Posted By Claire on September 17, 2013
Today’s post is a guest post by an Anne Boleyn Files visitor who wanted to remain anonymous, probably because she was scared of her history teacher catching up with her!
Over to Anon…
When I was at school I dropped history at the age of 14. Up until then, my school history had been a haze of sheer boredom. I didn’t learn about Henry VIII and his traumatic love life, or if I did I can’t remember it. I knew he had six wives, but primarily because I’d visited the Tower of London at the age of 9, when the Beefeater giving us the tour told us Anne Boleyn was a red head and her brother’s real name was John. It all seemed a bit fishy to me, and anyway it rained which made my sandwiches go soggy. That was my overriding memory of the day.
To me, Elizabeth I may as well have been a Spice Girl because she was simply ‘the ginger one’. I did go on a school trip to Kenilworth Castle when I was 8, so I must have had some idea why, but the only thing I remember about the trip is falling off the climbing frame and scraping my knee. It’s probably a good job J K Rowling wasn’t around at the time or the Dudleys would have forever imprinted themselves on my memory as Harry Potter’s relatives.
I can’t remember covering the World Wars, or in fact any war at school. Perhaps they thought learning about a war would cause us council estate kids to become violent and aggressive. Or should I say more violent and aggressive bearing in mind the fact that a couple of my classmates still managed to burn down our science lab, even without learning about a war. I ‘knew’ about WWII because of films like ‘The Great Escape’ and ‘Bridge on the River Kwai’, just like I ‘knew’ about the American Civil War because of ‘Roots’ and ‘Gone with the Wind’, and like so many people ‘know’ about Tudor history from ‘The Tudors’ and ‘Bring up the Bodies’.
So what history did I learn at school? Well, I do vaguely remember visiting Bosworth Battlefield (although we all now know it was the wrong field). Ironically, the field I gazed at with a vacant expression akin to ‘get me out of here’ was probably the right one, but I was not to know that at the time. We also visited Telford Bridge. Sadly I do remember the Telford Bridge experience. If I visited it now I would find it fascinating. As an 11 year old I remember being told to draw the bridge in charcoal. I still have no idea why. It rained then too and my hands became black with charcoal. That’s my overriding memory of that trip, as is dropping my charcoal in the river.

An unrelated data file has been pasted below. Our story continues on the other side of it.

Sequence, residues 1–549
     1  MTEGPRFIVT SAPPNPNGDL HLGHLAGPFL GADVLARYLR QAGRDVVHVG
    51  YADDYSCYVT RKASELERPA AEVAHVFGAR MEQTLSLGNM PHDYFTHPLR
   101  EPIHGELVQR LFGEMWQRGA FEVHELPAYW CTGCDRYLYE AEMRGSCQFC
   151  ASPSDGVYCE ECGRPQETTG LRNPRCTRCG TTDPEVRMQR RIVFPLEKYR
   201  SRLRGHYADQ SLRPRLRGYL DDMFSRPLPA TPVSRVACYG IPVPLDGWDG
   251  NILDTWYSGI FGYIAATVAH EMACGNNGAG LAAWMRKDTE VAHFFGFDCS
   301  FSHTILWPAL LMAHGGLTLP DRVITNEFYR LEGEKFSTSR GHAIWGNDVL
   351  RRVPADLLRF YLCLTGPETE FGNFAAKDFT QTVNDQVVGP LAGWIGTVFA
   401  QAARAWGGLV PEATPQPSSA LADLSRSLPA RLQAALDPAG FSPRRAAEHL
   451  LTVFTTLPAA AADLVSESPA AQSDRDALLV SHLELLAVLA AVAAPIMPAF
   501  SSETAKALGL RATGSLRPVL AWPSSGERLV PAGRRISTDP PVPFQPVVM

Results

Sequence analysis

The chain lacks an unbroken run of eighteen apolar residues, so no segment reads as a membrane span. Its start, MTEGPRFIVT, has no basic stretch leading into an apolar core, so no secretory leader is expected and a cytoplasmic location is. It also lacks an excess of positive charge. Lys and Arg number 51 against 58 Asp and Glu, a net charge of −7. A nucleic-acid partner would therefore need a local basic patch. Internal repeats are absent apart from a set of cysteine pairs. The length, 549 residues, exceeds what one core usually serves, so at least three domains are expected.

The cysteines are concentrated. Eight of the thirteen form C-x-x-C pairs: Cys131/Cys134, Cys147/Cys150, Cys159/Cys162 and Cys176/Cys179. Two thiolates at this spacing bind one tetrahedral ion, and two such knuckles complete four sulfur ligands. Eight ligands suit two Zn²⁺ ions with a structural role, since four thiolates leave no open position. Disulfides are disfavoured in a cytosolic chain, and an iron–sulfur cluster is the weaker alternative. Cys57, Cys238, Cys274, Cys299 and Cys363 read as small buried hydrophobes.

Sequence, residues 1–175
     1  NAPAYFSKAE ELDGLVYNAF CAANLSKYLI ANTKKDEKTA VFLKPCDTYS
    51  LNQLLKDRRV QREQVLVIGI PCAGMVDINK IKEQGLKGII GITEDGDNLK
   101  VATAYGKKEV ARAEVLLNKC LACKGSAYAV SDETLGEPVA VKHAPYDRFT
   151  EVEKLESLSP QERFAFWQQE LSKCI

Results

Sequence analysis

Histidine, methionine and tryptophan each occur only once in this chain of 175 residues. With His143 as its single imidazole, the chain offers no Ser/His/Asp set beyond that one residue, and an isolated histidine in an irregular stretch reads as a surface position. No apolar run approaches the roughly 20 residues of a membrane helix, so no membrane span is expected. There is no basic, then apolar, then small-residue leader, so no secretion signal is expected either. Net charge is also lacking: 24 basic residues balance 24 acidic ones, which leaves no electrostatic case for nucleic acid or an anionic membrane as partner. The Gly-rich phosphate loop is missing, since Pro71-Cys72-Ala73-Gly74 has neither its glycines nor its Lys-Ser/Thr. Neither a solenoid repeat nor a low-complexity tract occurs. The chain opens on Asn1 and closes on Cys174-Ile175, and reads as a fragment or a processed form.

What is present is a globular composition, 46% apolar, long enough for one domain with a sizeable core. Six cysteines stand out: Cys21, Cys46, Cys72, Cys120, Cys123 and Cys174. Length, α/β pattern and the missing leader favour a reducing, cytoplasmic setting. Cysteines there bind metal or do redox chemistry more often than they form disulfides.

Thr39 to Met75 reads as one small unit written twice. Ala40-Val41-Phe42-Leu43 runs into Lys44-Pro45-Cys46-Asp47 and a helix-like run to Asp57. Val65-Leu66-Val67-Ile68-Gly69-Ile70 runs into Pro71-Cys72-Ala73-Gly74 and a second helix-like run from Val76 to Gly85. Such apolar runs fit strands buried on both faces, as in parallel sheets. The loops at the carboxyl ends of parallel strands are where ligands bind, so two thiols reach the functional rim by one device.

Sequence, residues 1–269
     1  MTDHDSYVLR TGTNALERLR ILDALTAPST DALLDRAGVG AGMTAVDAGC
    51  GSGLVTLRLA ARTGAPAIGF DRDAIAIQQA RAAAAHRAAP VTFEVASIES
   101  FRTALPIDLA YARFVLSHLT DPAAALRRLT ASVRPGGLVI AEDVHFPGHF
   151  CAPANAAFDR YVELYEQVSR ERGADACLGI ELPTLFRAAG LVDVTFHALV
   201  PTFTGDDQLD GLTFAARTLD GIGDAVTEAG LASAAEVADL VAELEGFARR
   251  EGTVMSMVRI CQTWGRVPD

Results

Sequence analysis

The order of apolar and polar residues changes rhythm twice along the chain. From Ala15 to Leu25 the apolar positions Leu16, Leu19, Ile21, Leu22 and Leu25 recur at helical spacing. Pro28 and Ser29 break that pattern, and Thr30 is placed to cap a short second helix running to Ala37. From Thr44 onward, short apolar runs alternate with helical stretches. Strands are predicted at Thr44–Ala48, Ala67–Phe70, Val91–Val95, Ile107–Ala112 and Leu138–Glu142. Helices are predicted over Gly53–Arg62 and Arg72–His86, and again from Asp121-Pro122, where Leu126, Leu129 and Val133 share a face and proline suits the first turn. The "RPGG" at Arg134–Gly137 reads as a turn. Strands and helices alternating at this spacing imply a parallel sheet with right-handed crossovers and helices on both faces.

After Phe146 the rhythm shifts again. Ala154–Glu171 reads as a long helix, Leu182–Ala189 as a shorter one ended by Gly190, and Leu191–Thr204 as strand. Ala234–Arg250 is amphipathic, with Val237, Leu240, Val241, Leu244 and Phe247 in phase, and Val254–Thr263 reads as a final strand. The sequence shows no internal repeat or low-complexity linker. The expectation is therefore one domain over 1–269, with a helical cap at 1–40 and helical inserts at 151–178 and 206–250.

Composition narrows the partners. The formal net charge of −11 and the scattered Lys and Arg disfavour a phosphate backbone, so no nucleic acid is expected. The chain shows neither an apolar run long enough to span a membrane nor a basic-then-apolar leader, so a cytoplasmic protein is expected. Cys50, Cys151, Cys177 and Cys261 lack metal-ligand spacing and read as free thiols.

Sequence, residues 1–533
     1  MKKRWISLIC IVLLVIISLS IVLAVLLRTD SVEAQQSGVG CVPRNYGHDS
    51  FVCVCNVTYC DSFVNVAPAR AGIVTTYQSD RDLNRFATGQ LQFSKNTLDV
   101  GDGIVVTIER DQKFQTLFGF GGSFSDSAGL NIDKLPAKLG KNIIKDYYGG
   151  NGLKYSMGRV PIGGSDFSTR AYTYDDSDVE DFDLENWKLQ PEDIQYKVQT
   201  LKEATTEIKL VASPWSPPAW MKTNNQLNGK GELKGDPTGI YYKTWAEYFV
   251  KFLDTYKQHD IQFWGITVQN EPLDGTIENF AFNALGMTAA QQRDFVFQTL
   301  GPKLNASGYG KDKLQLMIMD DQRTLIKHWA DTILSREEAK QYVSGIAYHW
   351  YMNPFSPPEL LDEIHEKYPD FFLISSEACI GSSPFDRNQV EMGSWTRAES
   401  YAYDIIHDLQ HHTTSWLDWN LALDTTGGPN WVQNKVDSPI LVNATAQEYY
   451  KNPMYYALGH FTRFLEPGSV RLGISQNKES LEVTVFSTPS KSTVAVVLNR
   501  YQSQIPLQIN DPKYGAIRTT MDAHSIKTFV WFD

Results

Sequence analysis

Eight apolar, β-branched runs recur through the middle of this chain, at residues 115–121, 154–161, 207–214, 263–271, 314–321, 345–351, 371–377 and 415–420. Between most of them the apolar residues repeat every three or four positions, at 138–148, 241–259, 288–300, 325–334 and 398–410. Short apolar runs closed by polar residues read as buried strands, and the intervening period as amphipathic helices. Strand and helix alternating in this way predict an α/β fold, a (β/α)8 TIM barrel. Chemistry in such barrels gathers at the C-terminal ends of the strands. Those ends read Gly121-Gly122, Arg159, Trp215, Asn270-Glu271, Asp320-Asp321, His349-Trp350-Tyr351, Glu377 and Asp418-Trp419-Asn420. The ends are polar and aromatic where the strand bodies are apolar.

The history we would have done if I had chosen it as a subject up to the age of 16 was, ‘English Economic History between 1750 and 1890’. I was told it had interesting topics like ‘tithe laws’ and other fascinating stuff. So at 14 I knew without a doubt that dead people were boring, especially when they leave one of their fields fallow. Quite honestly I didn’t care, and I didn’t care who invented the Spinning Jenny. He was dead anyway. Needless to say I chose Geography instead. Sadly that didn’t teach me about strange and exotic places. Instead, I learned a lot about soil and how to read an ordinance survey map; a skill I have never found the use for. But the point is I dropped history like the proverbial hot brick, never to have it darken my door again.
I could have remained in blissful ignorance of Henry and his wives for the rest of my life. I may still have thought of Anne Boleyn as the one who sells sexy underwear, but who I now know to be Anne Summers (silly mistake that anyone could make). But when I was about 15 a miracle happened….well David Starkey to be precise, although I’m sure he would be delighted to be called a miracle. He ran a series of factual programmes about Henry and his wives, and blow me if they weren’t interesting! David Starkey and Simon Schama brought history to life. They didn’t talk at me with voices devoid of inflection, and they were cunning enough to teach me history without me realising they were (a definite skill if ever there was one). I’m sure Starkey would have made the Industrial Revolution seem entertaining. If he had taken me to Telford would I have dropped my chalk in the river? Oh, no!